There is actually total equality amongst Life at its collective foundation.

    This is if you believe in darwinian evolution.

    “Modification” changes nothing.

    So in fact, when tech-no-nerd asserts a mechanical foundation of all life, he is attempting to make YOU robotic and entirely at his control. He is making YOU “equal” to all other life. He is making YOU valueless.

    He’s the one that has YOU believe his “modifications” will somehow make YOU less mechanical and so you believe in his “modifications.”

    So tech-no-nerd has YOU from both sides.

    When YOU aren’t robotic in nature (without spirit), YOU are gorging on tech-no-nerd’s “modifications.”

    • >“Modification” changes nothing.

      This is a great example of why people don’t pay much attention to your blather. What’s next, the assertion that “light” illuminates nothing?

      But this jewel of bullshit is hardly alone, it wallows in a sea of nonsense. There’s the opening assertion, presented without evidence, that darwinian evolution is somehow “mechanical” in a sense that transitions to “robotic” without any machines or robots being involved. One might consider an alternative definition of “mechanical” wherein no humans are involved, but by this definition divine creation is “mechanical” too.
      This same problem occurs with the capitalized EQUALITY: a single Creator is also an equal origin for all life, this hardly being an issue unique to evolution.
      Then we have aggravated strawmanning: having asserted absurdity (that modification changes nothing) and put it into the mouths of neoreactionaries, thordaddy proceeds to draw ever more absurd conclusions such as “we are equal to all living things”. This is like asserting that since all the natural numbers can be generated by repeated incrementation of zero, all the natural numbers must be equal.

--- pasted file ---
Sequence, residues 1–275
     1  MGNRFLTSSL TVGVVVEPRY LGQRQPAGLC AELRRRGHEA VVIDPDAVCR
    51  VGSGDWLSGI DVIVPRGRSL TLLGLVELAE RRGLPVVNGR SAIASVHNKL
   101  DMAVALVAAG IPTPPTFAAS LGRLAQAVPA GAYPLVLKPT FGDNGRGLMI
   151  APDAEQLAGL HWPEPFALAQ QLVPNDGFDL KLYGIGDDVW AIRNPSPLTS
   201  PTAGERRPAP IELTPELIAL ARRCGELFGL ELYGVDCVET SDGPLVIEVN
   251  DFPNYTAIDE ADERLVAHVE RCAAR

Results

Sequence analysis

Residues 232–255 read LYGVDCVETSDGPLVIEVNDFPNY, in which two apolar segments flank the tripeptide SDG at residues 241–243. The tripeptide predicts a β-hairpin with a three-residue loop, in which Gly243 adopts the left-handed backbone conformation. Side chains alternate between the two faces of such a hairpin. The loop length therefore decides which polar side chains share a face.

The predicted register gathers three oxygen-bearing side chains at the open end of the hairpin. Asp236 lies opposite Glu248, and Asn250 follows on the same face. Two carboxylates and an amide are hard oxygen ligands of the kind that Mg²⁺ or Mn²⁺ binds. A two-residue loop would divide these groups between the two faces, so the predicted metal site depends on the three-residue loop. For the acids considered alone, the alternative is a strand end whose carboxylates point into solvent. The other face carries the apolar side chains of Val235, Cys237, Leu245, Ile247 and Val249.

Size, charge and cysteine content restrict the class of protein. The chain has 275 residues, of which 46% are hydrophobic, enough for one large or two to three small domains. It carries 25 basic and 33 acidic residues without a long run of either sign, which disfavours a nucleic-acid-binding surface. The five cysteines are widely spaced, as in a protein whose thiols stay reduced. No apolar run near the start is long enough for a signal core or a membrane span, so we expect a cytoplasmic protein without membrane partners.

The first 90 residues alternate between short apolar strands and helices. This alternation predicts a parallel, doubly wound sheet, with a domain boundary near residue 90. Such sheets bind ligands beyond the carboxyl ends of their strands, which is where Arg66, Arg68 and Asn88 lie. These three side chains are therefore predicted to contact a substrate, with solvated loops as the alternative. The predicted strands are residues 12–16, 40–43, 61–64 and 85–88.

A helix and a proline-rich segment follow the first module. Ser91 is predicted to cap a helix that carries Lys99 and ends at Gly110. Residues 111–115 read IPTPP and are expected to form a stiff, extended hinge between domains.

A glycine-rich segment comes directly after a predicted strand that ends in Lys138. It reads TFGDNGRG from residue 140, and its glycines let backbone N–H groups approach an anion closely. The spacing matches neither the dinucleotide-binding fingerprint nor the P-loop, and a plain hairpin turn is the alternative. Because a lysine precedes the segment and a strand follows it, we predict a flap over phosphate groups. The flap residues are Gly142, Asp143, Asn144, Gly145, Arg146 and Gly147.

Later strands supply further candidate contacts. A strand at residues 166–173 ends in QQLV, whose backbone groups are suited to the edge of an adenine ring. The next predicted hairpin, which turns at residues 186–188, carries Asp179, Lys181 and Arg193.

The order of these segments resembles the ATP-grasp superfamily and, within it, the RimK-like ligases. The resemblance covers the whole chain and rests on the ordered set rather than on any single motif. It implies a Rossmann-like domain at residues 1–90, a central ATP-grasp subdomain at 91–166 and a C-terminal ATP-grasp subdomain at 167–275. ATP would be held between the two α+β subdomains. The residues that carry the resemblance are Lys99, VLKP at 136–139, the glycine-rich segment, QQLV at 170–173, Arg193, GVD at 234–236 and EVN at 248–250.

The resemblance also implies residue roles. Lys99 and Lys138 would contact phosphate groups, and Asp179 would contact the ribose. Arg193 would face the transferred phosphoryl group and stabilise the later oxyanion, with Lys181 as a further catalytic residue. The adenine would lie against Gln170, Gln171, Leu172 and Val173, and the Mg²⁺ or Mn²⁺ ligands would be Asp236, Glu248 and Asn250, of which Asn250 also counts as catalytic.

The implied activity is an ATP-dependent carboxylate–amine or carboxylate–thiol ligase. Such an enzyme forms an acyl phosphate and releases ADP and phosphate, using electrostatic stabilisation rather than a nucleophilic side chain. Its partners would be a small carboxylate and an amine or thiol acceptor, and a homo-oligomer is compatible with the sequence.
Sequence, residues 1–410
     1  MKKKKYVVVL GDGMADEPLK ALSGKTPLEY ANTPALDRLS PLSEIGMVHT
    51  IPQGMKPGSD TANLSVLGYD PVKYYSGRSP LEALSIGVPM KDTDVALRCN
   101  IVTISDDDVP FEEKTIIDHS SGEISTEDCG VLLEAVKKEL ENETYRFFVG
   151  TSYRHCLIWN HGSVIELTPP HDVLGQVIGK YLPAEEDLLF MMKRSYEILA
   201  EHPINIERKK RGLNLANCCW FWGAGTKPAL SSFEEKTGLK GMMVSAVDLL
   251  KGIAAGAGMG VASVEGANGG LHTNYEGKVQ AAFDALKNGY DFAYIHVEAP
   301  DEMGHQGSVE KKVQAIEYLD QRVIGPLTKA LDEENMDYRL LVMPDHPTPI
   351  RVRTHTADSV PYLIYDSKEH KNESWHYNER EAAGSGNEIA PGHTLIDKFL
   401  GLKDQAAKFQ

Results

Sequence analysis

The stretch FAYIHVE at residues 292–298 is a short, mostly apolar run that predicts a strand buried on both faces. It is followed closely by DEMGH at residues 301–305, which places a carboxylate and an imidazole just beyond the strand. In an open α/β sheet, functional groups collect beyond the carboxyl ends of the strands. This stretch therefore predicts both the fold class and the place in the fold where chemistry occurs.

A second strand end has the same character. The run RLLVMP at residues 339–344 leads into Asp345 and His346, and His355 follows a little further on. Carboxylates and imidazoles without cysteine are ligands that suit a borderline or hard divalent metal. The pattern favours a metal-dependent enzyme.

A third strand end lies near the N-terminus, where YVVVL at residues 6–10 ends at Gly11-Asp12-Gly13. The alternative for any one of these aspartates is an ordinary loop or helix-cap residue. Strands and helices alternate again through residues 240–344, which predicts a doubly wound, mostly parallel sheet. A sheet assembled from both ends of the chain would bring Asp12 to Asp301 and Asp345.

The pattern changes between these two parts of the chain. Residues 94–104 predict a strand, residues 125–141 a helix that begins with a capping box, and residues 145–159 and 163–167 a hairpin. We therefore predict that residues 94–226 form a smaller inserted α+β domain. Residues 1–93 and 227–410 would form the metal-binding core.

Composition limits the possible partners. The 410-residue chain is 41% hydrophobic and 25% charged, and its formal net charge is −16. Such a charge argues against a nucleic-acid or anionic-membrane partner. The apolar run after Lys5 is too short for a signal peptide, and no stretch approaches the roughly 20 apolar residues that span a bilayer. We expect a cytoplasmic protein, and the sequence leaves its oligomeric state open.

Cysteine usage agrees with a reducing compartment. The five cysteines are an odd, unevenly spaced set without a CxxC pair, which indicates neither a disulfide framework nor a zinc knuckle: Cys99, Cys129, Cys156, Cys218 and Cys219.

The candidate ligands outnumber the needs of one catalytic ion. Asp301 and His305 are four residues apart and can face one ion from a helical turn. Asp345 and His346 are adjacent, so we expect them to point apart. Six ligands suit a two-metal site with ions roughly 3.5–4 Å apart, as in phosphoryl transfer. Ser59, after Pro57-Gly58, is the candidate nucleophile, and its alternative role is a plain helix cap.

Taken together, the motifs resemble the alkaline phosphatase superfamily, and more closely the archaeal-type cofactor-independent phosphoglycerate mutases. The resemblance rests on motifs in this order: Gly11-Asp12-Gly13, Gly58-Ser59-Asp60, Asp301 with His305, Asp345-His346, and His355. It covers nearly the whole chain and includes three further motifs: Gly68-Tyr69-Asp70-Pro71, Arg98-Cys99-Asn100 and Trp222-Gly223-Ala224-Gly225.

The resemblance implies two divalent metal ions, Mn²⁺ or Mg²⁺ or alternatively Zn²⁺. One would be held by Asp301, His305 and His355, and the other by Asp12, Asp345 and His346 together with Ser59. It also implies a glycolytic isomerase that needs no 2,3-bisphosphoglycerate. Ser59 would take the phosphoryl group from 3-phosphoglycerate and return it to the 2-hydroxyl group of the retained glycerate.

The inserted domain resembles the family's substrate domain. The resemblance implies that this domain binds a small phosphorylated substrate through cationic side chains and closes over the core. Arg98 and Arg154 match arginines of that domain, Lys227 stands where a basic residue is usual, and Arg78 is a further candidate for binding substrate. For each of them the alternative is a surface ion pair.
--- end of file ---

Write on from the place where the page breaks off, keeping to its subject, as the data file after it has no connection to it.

The caveat of “equality at the foundation” could save the argument by destroying it. To extend the previous analogy, all the natural numbers are “equal at the foundation” too in that they can be generated by incrementing zero, but this is no basis for saying anything further. If the repeatedly asserted “equality” here (which no party of the argument appears to believe in) were merely a triviality at the foundation, one could stop there. Yet thordaddy continues to say further things, and so I regard this caveat as not even internally consistent with the remainder of the rant.

      In closing, thordaddy, please shut the hell up until you stop being a blithering idiot.

  16. I like the phrase Dark Enlightenment. I think it will attract the cool kids who will be drawn to it just because it seems forbidden and dangerous. But philosophically, it should just be called Realism: realism about truth, realism about kinds, realism about concepts, semantic realism, moral realism, biological realism, scientific realism, all rolled up together.

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  18. Let me tell you something. From what I can see, what you are describing is literally how the majority lived for most of history. The idea that culture is only aesthetic and NOT the product of pragmatism, and religion is literal, these are extremely recent developments, like in terms of decades. A “dark enlightenment” will be a return to individualism like before communications technology allowed pop culture to distance us from our roots and completely centralize cultural influence.
    Needless to say I’m looking forward to it

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  21. I could think of a few labels:

    How about Ontotheologisim?

    Neo-polylogism?

    Neo-Catholicism?

    Categorical realism?